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TfL official denies it acted as ‘cheerleader’ for failed Garden Bridge


Transport for London’s (TfL) head of corporate affairs has insisted the body was not under pressure to release £7 million to the Garden Bridge Trust

Appearing before the Garden Bridge Working Group at City Hall this afternoon (15 April), TfL’s Andy Brown denied his organisation had been a ’cheerleader’ for the failed project.

Brown had been a senior planning officer while the main body of work on the Garden Bridge was taking place in 2015/16.

London Assembly member and working group chair Tom Copley described him as the ’last man standing’ at TfL since the departure of other key figures involved in the controversial scheme.

Brown told the group he worked on the project but was a junior member of staff at the time, with then managing director of planning Richard de Cani responsible for making the final decision on whether the trust had satisfied the conditions for receiving a £7 million payment from TfL.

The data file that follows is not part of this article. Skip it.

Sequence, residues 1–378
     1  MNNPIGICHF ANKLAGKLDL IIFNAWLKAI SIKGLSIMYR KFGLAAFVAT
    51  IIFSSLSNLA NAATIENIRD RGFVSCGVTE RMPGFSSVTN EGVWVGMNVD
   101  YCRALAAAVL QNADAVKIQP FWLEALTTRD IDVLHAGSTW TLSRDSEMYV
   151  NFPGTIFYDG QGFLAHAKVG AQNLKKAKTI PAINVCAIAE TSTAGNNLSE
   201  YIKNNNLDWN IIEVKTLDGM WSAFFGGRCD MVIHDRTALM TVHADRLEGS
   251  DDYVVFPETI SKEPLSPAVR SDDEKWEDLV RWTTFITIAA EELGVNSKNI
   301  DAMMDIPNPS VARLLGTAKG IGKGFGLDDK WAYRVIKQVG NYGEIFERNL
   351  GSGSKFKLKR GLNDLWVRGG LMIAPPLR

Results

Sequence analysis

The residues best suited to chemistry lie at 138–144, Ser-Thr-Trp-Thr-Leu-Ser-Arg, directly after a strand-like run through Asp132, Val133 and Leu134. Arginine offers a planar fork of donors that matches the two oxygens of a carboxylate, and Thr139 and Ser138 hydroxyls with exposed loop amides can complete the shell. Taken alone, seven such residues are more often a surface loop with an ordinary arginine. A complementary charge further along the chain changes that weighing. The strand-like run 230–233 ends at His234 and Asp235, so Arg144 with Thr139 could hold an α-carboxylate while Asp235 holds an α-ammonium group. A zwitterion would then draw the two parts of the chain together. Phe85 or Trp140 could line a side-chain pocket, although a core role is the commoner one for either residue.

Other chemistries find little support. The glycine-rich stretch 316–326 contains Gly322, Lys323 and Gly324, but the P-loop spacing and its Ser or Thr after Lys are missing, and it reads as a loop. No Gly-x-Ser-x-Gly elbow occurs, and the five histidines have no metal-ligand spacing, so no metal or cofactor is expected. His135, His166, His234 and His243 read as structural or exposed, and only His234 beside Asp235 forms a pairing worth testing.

When asked about de Cani’s decision, he argued TfL had made a ’balanced assessment’ on whether the conditions to receive funding had been met.

That payment prompted the trust to sign a construction contract with Bouygues, which left it liable to pay the contractors about £21 million even after the project was cancelled.

Assembly members grilled Brown about whether the six conditions in its funding agreement with the trust had been satisfied when the decision was made.

Last year papers from the trust’s board meeting revealed that in December 2015 Brown had suggested that TfL was unconvinced that this was the case, but by the following month it appeared to have been reassured enough to release the money.